Presenter: Nicola Holm (Thesis review seminar)

The emperor Julian (AD 361-363) is well known as Rome’s last pagan emperor and for his attempt to wind back the pro-Christian reforms of his uncle Constantine. However, unlike the bloody persecutions of his Tetrarchic and third-century predecessors, Julian opted for a bloodless approach to his anti-Christian policies. In many respects Julian was a traditional ruler, who sought to address the administrative and religious ‘problems’ of the empire in a manner similar to many of his ‘good’ predecessors. In particular, Julian sought to emulate the rule of Marcus Aurelius, whom he declared in his Caesars to be the best of all emperors (Julian, Caesars 335C). However, Julian’s role as the last persecutor of the Christians often overshadows this, with many of his approaches to Christianity understood as solely innovative in their nature. This paper will argue that a number of the religious policies and actions of Julian appeared to be traditional in their form and purpose, while additionally being a covert vehicle for promoting his austere, philosophical agenda. These policies include Julian’s infamous school law, the return of blood sacrifice, and the recall of exiled bishops. In all three cases I will demonstrate that Julian’s polices combined elements of traditionalism and innovation in an attempt to win the widest possible support for his reforms.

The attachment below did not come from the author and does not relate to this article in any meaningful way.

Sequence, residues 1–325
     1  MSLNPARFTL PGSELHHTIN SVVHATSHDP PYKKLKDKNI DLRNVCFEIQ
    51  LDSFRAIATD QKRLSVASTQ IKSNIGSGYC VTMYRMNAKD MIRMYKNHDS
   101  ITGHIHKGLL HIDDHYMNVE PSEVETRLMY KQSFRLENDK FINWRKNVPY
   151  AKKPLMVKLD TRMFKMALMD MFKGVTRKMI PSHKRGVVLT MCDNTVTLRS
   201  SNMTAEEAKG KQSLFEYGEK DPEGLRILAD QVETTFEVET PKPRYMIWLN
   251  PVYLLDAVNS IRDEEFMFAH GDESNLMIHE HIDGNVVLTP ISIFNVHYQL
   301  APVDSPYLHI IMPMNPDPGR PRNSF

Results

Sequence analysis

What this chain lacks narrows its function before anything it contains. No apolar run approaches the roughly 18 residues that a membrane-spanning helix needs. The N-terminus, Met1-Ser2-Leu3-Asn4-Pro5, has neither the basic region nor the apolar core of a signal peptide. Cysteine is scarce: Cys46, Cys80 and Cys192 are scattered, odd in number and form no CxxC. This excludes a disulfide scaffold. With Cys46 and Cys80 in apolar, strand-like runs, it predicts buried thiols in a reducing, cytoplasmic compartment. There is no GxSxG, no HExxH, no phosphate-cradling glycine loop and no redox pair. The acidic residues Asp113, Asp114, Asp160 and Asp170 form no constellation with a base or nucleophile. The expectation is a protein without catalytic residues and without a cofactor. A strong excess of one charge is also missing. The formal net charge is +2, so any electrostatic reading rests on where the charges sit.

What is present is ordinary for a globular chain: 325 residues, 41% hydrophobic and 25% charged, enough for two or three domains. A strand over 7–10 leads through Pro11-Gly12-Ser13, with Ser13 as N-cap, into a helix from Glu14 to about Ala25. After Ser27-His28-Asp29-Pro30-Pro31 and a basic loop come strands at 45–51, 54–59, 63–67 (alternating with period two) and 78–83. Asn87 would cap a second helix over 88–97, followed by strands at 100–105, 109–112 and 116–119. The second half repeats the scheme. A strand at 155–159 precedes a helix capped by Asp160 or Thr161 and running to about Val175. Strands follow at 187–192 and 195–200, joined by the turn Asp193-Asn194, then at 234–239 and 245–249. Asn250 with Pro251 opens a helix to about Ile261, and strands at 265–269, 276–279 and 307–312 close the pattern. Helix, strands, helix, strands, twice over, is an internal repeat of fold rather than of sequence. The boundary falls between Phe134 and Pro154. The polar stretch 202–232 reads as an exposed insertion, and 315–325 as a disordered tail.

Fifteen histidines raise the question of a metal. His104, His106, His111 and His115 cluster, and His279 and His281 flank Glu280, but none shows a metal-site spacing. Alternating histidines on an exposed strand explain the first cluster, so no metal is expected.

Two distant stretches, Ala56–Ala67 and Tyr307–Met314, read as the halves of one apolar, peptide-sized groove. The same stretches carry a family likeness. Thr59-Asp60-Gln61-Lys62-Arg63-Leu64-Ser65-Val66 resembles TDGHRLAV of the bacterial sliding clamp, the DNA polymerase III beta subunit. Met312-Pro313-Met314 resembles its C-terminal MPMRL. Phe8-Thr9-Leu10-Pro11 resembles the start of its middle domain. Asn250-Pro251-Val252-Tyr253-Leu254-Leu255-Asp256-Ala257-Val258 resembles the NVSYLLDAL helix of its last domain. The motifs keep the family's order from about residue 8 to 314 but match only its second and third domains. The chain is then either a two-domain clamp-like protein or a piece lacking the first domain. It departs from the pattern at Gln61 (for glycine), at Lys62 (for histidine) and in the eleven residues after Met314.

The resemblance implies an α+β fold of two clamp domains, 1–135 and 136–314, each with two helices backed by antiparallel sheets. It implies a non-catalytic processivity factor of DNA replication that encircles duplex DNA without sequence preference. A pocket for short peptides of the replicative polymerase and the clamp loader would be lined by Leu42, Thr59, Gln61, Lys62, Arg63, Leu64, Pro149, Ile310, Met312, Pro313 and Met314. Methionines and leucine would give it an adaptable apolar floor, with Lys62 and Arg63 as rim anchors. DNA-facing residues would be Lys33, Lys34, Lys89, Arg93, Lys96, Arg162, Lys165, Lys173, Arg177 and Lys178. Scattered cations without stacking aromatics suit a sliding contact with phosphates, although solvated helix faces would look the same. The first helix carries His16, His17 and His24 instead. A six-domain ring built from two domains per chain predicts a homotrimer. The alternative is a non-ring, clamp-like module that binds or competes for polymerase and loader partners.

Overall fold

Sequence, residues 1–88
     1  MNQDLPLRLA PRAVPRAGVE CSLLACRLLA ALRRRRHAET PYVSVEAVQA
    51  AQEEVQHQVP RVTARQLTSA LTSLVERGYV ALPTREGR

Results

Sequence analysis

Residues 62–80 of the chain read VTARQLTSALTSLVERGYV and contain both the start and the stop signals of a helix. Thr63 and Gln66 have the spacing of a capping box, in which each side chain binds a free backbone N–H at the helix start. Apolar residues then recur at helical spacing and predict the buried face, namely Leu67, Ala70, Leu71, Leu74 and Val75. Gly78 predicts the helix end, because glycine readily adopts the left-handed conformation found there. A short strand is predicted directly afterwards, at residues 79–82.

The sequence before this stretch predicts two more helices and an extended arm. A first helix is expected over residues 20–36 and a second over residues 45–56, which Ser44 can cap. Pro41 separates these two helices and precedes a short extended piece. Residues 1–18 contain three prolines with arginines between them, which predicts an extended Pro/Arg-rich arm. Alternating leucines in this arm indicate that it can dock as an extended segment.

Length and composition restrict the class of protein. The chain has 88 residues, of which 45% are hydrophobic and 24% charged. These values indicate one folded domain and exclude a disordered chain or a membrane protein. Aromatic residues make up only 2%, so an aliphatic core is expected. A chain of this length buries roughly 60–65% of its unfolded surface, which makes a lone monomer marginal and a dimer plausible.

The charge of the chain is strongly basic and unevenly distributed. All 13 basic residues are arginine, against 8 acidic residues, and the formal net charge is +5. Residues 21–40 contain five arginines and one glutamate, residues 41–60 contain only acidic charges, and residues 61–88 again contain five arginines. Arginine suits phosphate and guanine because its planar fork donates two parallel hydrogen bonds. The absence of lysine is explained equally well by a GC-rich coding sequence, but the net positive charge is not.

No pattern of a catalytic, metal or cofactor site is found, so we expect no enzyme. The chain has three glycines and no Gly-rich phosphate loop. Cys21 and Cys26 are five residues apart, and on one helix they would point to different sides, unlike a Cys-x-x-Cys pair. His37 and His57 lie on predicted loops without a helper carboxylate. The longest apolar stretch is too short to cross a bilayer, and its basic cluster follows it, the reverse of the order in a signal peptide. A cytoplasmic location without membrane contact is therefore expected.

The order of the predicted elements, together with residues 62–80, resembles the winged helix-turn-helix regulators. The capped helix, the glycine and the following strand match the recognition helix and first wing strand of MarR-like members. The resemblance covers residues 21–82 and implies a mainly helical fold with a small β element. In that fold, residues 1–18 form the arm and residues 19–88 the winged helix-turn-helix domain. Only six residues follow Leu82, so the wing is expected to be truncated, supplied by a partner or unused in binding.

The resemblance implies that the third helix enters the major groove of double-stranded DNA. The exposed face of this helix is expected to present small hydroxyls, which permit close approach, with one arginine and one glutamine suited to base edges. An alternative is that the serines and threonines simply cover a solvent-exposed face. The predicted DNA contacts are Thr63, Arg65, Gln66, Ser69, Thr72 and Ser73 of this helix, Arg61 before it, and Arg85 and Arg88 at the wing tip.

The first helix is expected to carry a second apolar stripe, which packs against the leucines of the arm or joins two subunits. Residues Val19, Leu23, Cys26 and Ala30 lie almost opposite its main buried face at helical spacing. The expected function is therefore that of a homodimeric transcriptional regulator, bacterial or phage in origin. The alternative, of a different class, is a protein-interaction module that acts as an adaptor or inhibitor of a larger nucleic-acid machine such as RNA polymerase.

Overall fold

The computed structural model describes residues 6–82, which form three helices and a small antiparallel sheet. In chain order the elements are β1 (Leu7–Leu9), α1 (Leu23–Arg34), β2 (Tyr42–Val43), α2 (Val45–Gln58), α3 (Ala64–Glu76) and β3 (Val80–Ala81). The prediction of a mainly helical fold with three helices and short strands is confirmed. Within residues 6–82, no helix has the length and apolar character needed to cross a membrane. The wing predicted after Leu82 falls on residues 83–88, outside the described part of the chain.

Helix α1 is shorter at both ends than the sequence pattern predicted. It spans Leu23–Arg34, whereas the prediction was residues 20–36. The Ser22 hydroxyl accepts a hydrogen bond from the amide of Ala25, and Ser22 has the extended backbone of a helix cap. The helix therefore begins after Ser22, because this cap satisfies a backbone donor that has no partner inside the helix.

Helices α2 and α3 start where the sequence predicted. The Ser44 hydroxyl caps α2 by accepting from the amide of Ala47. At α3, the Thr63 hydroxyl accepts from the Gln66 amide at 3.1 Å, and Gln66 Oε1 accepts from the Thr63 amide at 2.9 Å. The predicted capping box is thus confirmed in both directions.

About Classics and Ancient History Seminars

Event details

  • The seminars take place at 4pm, in the Michie Building (09), Room 536
  • Seminars are also on Zoom. Send an email to Duncan Keenan-Jones (d.keenanjones@uq.edu.au) for the link.
  • Upcoming seminars can be found here.
  • Please be aware that we are still operating under Covid-19 regulations during public events. Masks are no longer required at UQ locations - however, UQ strongly encourages mask wearing when physical distancing is not possible. UQ strongly encourages all campus attendees to be up to date with vaccinations. And finally, those who are feeling unwell, have been diagnosed with COVID-19 in the previous 7 days or have been in close contact with a confirmed case in the last 7 days, are asked not to attend this seminar.
  • For those attending in person, if you would like to join us for drinks and/or dinner afterwards at UQ’s St. Lucy's from 5:15 pm, please RSVP by email to Duncan Keenan-Jones (d.keenanjones@uq.edu.au) by 9am on the day of the seminar.
  • Please also contact Duncan Keenan-Jones should you have questions about the event.

The Friends of Antiquity, an alumni organisation of the University, runs its own series of public lectures, which take place on Sunday afternoons. The Friends’ program for can be found at https://alumni.uq.edu.au/friends-of-antiquity